SAN JOSE -- The backup Sharks goalie who broke Evgeni Nabokov's record for the franchise's longest shutout streak can joke these days about the year of his career that he can never get back.

From February 2011 to January 2012, Alex Stalock was recovering from highly specialized surgery to reconnect and regenerate a nerve that was severed in his left leg after a nightmarish accident on the ice. Much of his rehab time was spent working with goalie development coach Corey Schwab to regain strength and improve skill level.

"I was just talking with Schwabby," Stalock said Tuesday. "The year we spent just not even seeing pucks, but working on movement? I joked with him and said maybe it's good for a goalie to take a year and actually work on some of the stuff he needs to work on to get to the next level."

All that effort has paid off for Stalock, 26, who was in the net for Monday night's 1-0 loss to the Los Angeles Kings after pitching shutouts in two previous starts. By blanking the Kings until late in the second period, Stalock earned himself a place in the record book as he extended his streak to 178:55 without allowing a goal -- 7:37 longer than Nabokov in January 2009.

Coach Todd McLellan said Stalock's teammates are well aware of what he has gone through to reach this point.

"I think that's why he fits our team so well," McLellan said. "Guys know his story, they understand where he's been, and they get excited about playing for him."


Advertisement

Over a three-day span in 2011, Stalock went from the elation of his first NHL win -- a relief effort against the Phoenix Coyotes on Feb. 1 -- to the trauma of a hospital room after Dwight King of the Manchester Monarchs stepped on the back of his leg during a scrum in front of the Worcester Sharks' net. Eventually, the operation was done at the renowned Mayo Clinic, not far from Stalock's family home in St. Paul, Minn.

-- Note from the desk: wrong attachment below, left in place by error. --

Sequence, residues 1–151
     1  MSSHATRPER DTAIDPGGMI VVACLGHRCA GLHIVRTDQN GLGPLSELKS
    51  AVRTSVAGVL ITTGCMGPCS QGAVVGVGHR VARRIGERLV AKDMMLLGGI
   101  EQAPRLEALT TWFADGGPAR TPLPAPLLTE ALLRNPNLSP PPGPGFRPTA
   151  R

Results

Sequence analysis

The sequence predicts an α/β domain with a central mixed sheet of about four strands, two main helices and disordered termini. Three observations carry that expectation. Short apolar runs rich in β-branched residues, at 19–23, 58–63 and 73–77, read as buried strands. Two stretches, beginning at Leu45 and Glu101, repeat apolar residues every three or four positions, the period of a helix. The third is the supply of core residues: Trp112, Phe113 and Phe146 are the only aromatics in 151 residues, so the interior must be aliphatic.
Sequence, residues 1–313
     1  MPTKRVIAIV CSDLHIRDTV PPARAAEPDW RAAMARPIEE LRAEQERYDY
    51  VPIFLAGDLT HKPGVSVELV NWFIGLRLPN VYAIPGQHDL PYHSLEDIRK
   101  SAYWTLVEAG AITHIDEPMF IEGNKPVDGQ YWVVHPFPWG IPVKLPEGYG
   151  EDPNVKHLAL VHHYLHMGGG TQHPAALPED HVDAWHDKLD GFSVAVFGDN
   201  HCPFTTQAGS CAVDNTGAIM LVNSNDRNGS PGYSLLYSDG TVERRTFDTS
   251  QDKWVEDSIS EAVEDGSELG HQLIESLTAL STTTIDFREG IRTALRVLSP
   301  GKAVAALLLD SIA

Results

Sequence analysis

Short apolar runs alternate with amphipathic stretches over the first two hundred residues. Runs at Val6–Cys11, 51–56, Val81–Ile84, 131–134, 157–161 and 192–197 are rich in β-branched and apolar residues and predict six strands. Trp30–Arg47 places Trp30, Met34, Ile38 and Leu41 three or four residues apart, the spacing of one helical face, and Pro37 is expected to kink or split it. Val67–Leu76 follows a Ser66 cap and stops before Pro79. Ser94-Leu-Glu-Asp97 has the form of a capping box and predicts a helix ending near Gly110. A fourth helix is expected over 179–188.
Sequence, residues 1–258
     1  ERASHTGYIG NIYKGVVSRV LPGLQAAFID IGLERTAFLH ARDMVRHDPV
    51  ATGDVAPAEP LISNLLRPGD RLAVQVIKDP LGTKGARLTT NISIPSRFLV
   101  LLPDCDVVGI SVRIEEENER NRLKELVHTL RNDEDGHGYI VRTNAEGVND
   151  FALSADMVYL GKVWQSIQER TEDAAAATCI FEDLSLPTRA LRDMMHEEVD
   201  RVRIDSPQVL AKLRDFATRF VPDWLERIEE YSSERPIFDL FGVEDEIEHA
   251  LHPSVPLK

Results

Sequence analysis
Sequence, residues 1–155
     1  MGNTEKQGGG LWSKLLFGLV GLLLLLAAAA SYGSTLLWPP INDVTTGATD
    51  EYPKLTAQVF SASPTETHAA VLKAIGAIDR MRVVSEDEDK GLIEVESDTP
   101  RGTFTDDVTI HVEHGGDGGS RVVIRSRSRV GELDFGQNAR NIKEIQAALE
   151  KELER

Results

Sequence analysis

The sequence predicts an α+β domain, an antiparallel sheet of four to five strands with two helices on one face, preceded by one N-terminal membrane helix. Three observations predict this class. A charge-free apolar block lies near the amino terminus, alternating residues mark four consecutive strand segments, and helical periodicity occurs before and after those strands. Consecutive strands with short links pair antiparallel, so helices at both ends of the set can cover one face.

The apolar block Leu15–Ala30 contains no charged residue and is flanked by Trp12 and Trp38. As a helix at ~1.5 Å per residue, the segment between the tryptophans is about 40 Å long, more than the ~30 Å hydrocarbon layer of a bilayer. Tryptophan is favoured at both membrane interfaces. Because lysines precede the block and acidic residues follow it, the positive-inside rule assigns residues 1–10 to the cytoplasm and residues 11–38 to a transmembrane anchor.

"Probably for most guys, a career-ending injury," Joe Thornton said. "But some miracle happened, and he fought his way back."

Stalock's teammates are impressed by his competitive nature -- "There's no easy goals against him in practice, and I think that translates in the games," Thornton said -- as well as the amount of time he spends on the ice.

"He stays after practice for guys to shoot," Tommy Wingels said. "Second goalie, they'll say, you need to do that. But he's doing that and having fun with it. He's not doing it because he has to."

Wingels was on the ice in Worcester when Stalock was injured. Everyone knew something was wrong, but not how serious the problem was.

"You see those type of plays numerous times in a game -- a scrum around the net, a goalie lying down and bodies all around him," Wingels said. "I'm kind of surprised that doesn't happen more often."

Stalock said he didn't realize the extent of the injury until the next morning. At one point, he said he was told the odds were 50-50 he would ever play again, but he chose to be optimistic.

"Being young and having it be my first injury, I kind of played it that it's not going to be a big deal," Stalock said. "And I think that mindset was a big reason to get through it."

Stalock knows his role in his first season as the Sharks backup -- challenge players in practice, give starter Antti Niemi the occasional rest. McLellan isn't wavering on his commitment to Niemi, even though Stalock has the better goals-against average (1.58 vs. 2.37) and save percentage (.943 vs. .913).

But Stalock's starts have become more frequent lately as McLellan wants to give Niemi more rest because he is going with Team Finland to the Sochi Olympics. And that means each netminder is likely to get one start as the Sharks face the Edmonton Oilers on Wednesday and the Calgary Flames on Thursday.

For more on the Sharks, see David Pollak's Working the Corners blog at blogs.mercurynews.com/sharks. Follow him on Twitter at twitter.com/PollakOnSharks.

Wednesday's game
Sharks (34-13-6) at Edmonton (17-32-6), 6:30 p.m. CSNCA